The Chesapeake Bay area seafood industry is still concerned over worker shortages for the upcoming season that begins April 1. The industry says the current H-2B visa system is damaging their businesses and could lead to closures.
As previously reported on Conduit Street, in January, Governor Hogan sent a letter to the Trump Administration requesting more visas in response to labor shortages, estimating that without more visas there could be permanent damage to the $355 million Maryland industry. After no action from the federal government, industry leaders gathered on Monday to discuss the importance of H-2B visas to their businesses and communities.
From coverage in the Baltimore Sun:
Maryland politicians and industry leaders are pleading for Trump to double the number of seasonal workers allowed under what is known as the H-2B program this year, and to find a permanent solution to relieve the overwhelming demand for the visas.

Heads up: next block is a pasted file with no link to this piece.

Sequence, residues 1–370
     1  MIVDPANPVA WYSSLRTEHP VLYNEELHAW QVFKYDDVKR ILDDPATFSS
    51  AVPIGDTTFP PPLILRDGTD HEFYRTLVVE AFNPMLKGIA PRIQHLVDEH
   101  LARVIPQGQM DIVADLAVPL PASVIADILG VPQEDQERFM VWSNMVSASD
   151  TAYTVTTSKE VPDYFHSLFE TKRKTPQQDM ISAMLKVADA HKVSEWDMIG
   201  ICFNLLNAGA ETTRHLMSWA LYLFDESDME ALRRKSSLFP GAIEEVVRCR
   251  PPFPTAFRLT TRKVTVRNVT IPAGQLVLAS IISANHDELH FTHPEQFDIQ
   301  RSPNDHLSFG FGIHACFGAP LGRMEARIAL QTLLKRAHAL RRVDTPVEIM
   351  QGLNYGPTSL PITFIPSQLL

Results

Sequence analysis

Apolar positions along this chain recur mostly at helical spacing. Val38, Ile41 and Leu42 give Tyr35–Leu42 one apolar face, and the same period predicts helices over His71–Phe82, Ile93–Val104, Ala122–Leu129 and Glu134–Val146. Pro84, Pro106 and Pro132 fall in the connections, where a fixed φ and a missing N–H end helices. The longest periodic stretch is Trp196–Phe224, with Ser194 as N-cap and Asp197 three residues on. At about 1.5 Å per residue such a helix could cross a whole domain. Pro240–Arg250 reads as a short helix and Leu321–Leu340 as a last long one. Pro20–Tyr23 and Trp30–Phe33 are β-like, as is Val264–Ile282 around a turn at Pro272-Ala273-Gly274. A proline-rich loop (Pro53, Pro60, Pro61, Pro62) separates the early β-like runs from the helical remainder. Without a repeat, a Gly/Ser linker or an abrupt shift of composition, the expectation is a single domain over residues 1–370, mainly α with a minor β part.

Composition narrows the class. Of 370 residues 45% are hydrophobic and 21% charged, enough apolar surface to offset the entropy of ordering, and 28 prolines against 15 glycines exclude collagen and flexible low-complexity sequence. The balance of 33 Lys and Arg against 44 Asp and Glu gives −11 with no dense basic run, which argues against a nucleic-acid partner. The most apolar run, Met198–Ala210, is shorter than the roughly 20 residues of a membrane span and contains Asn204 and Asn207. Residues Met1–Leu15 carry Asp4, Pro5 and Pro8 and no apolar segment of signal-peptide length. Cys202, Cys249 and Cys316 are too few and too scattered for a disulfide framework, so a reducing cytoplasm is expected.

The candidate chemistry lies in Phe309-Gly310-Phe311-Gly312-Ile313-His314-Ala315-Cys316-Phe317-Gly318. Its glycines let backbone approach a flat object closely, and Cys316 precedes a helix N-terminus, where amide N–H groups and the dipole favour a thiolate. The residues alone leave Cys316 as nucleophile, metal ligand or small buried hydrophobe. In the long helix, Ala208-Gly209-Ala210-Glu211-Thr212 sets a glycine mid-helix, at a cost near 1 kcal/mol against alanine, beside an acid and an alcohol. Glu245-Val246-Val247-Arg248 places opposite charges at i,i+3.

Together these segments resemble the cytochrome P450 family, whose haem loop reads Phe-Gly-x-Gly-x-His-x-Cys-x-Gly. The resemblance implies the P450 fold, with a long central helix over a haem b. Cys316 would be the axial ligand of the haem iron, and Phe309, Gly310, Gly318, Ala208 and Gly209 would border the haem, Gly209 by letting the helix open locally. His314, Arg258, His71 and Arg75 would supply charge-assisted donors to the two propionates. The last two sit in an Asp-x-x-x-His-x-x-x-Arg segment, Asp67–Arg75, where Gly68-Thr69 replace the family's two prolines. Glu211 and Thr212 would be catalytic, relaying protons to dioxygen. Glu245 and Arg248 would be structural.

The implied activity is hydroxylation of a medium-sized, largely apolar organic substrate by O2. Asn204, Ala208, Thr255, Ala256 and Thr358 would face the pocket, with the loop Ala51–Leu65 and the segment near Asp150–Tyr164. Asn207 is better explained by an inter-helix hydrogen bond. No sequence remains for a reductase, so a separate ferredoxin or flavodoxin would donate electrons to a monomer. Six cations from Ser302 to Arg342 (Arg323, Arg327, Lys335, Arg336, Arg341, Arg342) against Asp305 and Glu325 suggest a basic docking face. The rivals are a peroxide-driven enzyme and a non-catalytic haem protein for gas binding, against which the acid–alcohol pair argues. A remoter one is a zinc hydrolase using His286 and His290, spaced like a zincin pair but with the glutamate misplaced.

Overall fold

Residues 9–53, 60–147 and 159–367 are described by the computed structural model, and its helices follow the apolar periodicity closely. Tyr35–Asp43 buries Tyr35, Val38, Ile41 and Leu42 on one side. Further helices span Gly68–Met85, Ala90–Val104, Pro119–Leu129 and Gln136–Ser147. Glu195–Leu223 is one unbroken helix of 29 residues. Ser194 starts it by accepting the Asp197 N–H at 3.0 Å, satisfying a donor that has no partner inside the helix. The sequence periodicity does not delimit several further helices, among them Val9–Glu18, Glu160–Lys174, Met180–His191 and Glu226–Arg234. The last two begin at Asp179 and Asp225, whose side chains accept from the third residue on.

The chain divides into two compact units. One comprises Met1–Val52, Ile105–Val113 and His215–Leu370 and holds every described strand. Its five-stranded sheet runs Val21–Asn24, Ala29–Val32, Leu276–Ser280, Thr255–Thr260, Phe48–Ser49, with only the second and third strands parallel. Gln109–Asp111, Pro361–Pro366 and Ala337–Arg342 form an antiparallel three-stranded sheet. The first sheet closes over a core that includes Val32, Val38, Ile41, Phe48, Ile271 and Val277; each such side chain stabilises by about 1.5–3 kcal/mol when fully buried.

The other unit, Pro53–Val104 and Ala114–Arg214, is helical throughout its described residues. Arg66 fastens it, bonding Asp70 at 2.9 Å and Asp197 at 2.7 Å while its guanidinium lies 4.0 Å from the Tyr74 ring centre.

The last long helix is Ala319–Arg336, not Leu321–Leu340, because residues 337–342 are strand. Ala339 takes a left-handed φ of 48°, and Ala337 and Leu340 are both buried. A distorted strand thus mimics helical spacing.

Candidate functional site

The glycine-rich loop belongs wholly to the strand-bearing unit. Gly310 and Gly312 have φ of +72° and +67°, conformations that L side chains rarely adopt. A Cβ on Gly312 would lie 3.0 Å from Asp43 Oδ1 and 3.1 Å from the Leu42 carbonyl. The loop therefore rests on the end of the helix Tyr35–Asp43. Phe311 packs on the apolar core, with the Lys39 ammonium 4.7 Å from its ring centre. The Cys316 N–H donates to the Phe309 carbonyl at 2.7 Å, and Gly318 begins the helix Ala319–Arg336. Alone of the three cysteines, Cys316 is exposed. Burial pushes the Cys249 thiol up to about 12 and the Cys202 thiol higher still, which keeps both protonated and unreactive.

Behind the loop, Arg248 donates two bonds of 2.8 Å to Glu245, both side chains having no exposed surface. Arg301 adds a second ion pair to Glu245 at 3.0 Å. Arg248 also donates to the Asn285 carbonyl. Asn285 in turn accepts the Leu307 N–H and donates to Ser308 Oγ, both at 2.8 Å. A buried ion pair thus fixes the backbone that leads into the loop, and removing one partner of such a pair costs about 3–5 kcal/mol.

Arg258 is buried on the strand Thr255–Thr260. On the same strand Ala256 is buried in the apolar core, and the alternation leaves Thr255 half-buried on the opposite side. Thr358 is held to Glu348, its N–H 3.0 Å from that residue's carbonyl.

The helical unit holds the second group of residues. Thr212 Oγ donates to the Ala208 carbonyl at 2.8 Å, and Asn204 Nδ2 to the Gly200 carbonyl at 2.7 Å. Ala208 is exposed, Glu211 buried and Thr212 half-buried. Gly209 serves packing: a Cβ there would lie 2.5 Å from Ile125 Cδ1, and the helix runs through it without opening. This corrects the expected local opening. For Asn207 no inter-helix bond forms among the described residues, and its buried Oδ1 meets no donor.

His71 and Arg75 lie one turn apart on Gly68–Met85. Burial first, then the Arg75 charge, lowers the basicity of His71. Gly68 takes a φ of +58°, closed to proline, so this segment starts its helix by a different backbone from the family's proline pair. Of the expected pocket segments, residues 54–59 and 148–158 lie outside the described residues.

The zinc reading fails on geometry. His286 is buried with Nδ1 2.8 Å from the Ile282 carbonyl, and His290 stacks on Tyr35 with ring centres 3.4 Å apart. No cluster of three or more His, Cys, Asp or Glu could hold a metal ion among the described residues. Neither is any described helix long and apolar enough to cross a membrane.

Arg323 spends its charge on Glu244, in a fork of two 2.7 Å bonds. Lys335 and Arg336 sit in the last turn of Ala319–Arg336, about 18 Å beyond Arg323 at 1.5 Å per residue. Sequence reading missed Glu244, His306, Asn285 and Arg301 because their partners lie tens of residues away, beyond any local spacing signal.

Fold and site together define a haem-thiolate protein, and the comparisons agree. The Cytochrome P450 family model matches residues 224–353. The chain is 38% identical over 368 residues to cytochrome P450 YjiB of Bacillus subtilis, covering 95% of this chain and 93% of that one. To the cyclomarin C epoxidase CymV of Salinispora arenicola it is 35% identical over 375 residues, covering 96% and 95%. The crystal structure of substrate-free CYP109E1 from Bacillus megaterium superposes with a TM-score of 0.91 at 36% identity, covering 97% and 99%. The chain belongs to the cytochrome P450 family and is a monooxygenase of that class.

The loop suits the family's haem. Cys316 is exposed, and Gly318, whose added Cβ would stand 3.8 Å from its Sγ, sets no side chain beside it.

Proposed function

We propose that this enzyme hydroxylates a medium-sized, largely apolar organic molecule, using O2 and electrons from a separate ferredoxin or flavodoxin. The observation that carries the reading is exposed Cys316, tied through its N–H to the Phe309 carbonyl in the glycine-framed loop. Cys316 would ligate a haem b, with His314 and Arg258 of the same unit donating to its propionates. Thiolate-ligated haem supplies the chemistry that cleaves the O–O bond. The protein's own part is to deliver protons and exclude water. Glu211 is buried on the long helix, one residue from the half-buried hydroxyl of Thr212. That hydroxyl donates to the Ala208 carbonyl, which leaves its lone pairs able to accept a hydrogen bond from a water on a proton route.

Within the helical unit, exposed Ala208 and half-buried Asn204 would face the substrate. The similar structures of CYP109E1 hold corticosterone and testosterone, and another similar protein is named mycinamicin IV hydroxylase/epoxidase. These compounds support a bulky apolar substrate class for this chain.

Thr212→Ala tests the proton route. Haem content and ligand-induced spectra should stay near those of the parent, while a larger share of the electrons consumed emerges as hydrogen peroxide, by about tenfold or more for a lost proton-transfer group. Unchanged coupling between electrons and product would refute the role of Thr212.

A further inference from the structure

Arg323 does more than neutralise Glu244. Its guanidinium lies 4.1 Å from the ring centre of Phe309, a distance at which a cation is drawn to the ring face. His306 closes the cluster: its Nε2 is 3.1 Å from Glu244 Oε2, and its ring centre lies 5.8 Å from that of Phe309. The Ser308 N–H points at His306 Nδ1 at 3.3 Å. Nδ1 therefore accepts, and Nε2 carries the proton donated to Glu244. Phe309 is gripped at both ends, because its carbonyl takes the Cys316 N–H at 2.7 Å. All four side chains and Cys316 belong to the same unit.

In a survey sponsored by the state agriculture department and the Chesapeake Bay Seafood Industry Association, most of the crab processing companies said they could be forced to shut down their operations for the season if they don’t get their visas.
From coverage in the Dorchester Star:
Seafood processors, watermen, seafood business owners, and local officials gathered on Monday morning in a crab picking house on Hoopers Island to call for the release of all 64,000 H-2B visas needed for the area’s crab picking houses. Six of Dorchester’s nine crab picking houses did not receive any of the H-2B visas allocated under the current Department of Homeland Security lottery system.